On our way home from Sea Ranch on Sunday we stopped in for lunch at Eloise in Sebastopol. It’s become our go-to spot when heading up to the coast, which we do with some frequency. This was perhaps our fourth or fifth visit in scarcely a year, our first being a celebratory dinner during an ersatz honeymoon last October.
Shuna turned us on to the place, and in the months since we’d come to be very fond of it. We loved the charming and aromatic garden, full of lavender and herbs, that flanked the front. We loved the homey simplicity of the interior, the way the light played off the walls and filled the airy space. The service always was casual but not too casual, friendly without being inappropriately chummy. And the food — simple, well-prepared food — was a refreshing tonic to high-concept wine country fare.
When we arrived this time, we had just come off two hours of winding Route 1 curves. I am not prone to motion sickness; the only time I have ever been afflicted was on a deep-sea fishing expedition on choppy waters for eight hours. Still, upon arriving I was feeling the kind of disorientation you do from a carnival ride or, say, a ritual hazing.
I was still shaking off the woozies when we were seated. We were six, at the tail end of the lunch service, and they seated us at the far end. As my senses came back to me, I became increasingly aware all was not right.
Our waiter, while proficient enough, was at best terse and at worst checked out. I couldn’t tell if he wasn’t happy to see us, or just not happy. Flies buzzed around us, causing us to swat at them like picnickers plagued by wasps. No effort was made to deal with the flies, nor even to move us from them, despite the fact that we were shortly the only table seated in the place. The waiter did apologize that there were flies, though.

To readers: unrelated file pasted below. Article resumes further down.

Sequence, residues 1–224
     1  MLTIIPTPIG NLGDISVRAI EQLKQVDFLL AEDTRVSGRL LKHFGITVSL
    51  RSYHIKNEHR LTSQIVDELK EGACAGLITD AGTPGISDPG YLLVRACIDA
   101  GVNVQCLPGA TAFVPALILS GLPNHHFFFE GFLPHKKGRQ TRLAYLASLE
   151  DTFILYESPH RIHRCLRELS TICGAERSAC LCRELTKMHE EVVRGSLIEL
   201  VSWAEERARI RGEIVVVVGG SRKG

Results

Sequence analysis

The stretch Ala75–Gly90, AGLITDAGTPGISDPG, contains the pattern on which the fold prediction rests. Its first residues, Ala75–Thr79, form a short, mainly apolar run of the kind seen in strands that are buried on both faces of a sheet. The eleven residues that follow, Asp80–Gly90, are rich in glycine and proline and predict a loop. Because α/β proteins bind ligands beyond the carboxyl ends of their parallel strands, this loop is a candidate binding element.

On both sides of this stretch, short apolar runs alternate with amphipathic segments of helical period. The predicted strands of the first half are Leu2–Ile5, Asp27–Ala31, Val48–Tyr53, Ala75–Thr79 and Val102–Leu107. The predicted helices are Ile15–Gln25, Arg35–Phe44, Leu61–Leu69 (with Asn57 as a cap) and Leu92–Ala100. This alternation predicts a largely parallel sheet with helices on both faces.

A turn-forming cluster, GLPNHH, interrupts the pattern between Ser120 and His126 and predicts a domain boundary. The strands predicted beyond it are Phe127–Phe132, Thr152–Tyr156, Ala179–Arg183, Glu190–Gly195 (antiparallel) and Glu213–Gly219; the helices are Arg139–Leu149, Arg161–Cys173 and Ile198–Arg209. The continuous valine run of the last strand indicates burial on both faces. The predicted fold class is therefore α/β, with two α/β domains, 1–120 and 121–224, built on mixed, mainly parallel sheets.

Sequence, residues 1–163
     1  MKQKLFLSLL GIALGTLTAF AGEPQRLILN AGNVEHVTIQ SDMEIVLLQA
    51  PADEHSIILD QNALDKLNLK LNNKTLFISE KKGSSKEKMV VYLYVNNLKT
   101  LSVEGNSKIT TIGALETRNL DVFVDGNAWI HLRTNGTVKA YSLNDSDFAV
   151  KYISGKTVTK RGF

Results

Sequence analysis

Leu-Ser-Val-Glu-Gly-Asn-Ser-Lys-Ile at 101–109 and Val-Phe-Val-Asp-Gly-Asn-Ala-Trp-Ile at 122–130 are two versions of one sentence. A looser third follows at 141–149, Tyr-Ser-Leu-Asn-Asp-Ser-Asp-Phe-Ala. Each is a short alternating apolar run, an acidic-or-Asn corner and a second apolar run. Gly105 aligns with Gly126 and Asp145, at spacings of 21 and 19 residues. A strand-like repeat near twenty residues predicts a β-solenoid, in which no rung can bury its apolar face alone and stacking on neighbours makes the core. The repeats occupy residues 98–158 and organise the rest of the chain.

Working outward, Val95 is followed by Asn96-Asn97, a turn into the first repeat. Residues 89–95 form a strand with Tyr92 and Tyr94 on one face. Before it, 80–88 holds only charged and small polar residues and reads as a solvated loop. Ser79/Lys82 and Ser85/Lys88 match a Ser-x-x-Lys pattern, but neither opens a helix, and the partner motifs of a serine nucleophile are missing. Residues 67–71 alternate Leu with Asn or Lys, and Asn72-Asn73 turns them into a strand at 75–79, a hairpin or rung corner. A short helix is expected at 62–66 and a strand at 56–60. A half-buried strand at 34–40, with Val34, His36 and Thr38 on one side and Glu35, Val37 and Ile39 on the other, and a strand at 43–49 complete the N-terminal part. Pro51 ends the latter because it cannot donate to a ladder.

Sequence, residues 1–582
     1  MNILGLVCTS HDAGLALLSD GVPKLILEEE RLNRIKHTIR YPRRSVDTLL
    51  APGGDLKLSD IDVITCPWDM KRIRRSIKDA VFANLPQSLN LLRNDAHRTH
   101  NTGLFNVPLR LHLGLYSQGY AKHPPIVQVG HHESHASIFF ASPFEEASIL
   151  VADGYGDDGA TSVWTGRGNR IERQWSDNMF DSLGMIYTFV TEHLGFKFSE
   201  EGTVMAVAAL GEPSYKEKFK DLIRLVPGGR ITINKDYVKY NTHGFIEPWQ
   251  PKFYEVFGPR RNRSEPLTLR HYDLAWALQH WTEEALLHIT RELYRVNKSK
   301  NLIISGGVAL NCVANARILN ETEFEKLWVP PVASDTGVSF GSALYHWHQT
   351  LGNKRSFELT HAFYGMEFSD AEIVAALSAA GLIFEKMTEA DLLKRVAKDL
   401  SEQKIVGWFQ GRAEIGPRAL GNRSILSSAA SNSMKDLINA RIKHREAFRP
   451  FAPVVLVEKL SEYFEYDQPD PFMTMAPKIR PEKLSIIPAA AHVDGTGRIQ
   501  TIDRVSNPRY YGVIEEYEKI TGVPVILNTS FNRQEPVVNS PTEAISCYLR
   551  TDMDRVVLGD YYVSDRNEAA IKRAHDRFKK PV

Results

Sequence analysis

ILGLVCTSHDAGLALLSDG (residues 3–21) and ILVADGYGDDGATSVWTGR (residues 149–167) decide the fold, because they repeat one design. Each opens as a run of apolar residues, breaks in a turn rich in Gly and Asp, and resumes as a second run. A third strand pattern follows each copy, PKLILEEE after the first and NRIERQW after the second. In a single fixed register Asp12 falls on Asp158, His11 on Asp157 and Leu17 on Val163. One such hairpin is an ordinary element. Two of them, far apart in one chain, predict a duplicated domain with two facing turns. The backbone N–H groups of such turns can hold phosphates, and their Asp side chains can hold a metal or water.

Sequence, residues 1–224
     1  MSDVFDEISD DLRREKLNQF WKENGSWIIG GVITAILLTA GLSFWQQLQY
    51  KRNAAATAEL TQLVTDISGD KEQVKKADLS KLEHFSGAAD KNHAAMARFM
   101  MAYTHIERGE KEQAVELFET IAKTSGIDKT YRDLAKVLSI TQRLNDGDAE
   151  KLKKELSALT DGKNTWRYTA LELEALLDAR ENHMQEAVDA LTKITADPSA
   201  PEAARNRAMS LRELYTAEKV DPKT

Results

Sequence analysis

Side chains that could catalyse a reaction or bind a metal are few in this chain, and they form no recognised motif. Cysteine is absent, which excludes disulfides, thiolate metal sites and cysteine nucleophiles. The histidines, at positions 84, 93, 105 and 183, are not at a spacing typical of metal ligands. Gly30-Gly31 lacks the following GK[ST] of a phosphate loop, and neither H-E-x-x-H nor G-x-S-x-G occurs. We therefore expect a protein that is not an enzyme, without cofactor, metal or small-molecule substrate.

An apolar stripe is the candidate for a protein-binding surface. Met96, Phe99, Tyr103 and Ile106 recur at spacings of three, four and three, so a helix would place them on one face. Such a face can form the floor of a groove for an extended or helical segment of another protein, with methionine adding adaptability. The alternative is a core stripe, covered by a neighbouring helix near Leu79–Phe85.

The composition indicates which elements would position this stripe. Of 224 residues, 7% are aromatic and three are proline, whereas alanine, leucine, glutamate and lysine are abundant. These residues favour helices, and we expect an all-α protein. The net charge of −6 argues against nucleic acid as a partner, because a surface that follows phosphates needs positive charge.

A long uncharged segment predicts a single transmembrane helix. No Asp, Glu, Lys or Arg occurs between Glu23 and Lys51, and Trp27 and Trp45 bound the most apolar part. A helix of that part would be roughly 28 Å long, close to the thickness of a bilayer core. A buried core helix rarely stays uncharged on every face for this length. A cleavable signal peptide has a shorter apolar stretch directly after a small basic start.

He was apologetic for a lot. They were out of half of the appetizers and about as many of the mains. There was but one dessert option left: Panna cotta. When one of us asked for tea at the end, he apologized for being out of all but two varieties. Of tea. Which does not spoil. And they had yet to get through dinner service.
Sometimes you can feel the pall of death on a place. We came away from the meal concerned that Eloise was not faring well.
And a terrible shame it was, for the food was still good. I had a starter of lightly spicy-pickled sardines with avocado salad, a smartly arranged dish with components that complemented and contrasted each other perfectly. My spaghettini with cheese and plenty of black pepper, akin to the Roman cacio e pepe, was exactly the kind of simple, clean preparation we had come to enjoy from them.
Yesterday the chef-owners announced that they would be closing Eloise, with their final dinner service next Sunday, November 29. We will forever cast a wistful eye as we pass the building on our way up to our next coastal excursion.